Monday, 14 March 2016

A Lidl Exploitation: The Hidden Costs Behind A Pair Of Cheap Jeans

A good, deep dive down the rabbit hole was taken by Gethin Chamberlain of The Guardian last week, as he did the maths behind the latest fast fashion faux-pas: the £5.99 jeans sold by Lidl. So what is the German retail giant's secret?

Well, those of us in the know won't need much time to figure out how that price point was reached. It's down to cheap labour, of course. The worrying thing is, you have to wonder how many of Lidl's customers realise how little the people who make those clothes are really paid.

The figures are shocking. The jeans are made in Bangladesh, using female workers that are paid the minimum legal wage of 5300 takas a month. That's a fifth of the amount estimated to be a living wage by the Asia Floor Wage Alliance back in 2013. 5300 takas is about £48. So, based on the standard 8-hour day, 6-day week, LIdl's workers bring in a princely 23p an hour. Or, to use another metric, a worker is paid somewhere between 2p and 9p per garment stitched.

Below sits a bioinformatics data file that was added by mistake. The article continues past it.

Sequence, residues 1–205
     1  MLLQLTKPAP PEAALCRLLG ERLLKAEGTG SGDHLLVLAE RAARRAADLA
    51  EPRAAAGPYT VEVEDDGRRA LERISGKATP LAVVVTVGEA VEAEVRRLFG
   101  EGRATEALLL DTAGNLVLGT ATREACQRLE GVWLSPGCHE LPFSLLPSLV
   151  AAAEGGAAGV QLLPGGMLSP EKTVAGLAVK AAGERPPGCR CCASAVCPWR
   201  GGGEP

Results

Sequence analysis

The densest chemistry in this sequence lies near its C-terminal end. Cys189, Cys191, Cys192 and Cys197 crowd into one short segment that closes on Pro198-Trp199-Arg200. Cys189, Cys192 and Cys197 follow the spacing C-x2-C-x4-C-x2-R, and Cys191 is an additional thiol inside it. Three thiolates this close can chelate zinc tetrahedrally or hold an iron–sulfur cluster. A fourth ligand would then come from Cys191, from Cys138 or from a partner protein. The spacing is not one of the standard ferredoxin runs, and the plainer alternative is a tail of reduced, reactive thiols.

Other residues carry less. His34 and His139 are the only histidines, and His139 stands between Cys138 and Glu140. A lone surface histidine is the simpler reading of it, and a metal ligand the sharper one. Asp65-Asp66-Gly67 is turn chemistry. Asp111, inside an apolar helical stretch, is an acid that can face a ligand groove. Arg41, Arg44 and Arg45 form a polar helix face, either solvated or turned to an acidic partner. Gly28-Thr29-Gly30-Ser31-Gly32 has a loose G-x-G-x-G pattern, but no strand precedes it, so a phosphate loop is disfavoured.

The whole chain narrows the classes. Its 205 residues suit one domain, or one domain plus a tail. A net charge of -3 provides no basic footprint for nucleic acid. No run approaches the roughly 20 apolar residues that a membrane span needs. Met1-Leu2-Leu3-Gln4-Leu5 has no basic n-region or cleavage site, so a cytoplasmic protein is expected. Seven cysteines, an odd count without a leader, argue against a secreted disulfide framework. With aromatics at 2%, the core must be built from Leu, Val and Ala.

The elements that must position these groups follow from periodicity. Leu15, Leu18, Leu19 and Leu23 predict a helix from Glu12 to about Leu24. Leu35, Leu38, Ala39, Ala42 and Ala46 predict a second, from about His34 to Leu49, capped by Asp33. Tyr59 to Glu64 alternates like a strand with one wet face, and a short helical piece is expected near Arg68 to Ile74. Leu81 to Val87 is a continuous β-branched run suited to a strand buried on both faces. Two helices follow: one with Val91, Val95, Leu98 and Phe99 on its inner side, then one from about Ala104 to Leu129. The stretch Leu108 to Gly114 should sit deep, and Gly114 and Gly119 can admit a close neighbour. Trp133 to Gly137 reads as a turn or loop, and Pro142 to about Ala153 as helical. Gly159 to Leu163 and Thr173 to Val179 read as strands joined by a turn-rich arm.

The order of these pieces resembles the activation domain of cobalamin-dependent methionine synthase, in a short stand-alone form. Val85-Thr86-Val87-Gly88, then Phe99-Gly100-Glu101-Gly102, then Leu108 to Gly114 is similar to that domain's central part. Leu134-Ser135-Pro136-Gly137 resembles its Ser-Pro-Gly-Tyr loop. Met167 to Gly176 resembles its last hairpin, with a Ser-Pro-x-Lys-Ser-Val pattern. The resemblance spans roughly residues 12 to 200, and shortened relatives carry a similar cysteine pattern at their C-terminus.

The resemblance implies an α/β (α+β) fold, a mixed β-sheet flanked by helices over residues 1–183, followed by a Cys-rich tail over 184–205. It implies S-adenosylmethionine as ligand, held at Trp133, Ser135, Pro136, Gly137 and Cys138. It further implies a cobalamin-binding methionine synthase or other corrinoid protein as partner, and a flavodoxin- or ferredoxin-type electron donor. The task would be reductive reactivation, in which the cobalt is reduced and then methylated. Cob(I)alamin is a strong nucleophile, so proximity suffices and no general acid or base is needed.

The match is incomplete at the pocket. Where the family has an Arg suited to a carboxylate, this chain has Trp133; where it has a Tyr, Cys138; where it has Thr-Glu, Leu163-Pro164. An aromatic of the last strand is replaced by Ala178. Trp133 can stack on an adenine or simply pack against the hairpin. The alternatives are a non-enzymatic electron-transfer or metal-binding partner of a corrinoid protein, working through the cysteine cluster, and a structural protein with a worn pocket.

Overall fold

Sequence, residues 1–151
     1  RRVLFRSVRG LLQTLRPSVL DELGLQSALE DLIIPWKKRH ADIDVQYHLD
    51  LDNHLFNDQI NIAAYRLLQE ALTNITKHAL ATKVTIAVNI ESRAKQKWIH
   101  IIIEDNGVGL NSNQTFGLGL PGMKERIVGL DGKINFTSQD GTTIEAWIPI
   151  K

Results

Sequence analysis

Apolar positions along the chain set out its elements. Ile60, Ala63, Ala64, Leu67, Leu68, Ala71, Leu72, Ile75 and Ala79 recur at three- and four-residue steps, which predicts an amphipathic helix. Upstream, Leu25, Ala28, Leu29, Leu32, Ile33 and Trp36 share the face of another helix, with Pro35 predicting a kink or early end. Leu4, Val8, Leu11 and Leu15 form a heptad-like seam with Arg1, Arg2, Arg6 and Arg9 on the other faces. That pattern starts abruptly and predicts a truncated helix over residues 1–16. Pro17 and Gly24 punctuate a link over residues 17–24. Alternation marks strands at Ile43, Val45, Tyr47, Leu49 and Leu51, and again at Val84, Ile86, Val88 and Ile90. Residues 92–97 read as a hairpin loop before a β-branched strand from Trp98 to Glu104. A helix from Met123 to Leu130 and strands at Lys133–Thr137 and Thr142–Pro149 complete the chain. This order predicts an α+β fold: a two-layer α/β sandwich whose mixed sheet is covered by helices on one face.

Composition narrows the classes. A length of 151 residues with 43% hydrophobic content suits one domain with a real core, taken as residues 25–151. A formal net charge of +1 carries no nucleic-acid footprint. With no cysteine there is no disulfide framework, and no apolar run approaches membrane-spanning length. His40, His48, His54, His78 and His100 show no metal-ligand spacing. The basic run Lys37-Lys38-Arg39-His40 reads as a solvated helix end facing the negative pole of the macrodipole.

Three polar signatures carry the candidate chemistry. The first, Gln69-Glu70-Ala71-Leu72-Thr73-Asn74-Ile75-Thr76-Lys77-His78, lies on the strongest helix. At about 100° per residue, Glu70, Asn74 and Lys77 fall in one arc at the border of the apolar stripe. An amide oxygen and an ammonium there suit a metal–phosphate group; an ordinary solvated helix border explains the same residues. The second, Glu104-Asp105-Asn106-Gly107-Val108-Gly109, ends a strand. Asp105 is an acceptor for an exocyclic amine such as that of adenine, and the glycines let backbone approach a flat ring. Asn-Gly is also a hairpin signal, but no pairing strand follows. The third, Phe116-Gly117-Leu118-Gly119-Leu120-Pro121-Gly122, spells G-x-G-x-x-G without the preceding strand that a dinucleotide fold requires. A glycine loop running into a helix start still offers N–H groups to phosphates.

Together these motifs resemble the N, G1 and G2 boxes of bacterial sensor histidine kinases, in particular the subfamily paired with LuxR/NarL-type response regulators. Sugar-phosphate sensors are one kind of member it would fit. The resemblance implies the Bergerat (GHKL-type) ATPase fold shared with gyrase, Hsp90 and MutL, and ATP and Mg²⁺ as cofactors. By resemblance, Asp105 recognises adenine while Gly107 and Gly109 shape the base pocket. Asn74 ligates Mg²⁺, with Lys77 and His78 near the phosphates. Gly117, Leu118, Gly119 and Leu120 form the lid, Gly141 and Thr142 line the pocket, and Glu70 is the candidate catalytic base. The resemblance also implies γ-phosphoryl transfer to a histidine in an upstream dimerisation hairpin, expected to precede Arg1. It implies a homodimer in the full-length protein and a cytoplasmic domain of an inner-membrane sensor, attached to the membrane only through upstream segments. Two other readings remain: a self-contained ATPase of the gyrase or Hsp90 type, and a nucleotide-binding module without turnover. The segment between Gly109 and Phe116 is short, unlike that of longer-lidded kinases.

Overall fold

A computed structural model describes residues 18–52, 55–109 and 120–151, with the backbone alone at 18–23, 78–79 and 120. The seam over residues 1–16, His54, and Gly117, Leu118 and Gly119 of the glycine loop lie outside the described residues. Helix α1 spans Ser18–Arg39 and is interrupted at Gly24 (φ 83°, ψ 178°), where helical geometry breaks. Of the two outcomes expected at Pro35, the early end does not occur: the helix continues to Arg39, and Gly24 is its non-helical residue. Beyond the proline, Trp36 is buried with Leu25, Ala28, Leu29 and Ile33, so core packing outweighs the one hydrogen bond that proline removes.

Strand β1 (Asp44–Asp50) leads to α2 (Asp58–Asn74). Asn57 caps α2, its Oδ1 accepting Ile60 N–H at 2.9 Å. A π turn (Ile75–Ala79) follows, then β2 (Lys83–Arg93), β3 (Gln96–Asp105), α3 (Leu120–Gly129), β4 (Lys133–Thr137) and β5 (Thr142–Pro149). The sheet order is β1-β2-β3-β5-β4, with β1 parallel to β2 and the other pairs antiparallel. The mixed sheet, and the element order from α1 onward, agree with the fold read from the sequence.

Of course, things get a little trickier when we realise that these figures are, to an extent, based on best guesses and informed estimates. As ever, the opacity of supply chain reporting works in the big brand's favour. They can claim that their workers are treated fairly, and that they audit very facility. But they hardly ever publish the results. Without the ability for independent observers to verify those claims, it's sorta tough to call them liars–although you do wonder why those figures aren't being published.

Regardless, it's hard not to agree with Gethin's conclusion: Lidl's bargaining power in the marketplace and choice of manufacturing base are the prime drivers of the absurdly low price point on their jeans. No-one brings work to the clothes factories of Dhaka because they're exemplars of ethical practice. There's an old saying when it comes to service and manufacturing–there's fast, cheap and good: pick any two. Seems pretty clear which way Lidl went in this case.

For the full breakdown, check out the article:

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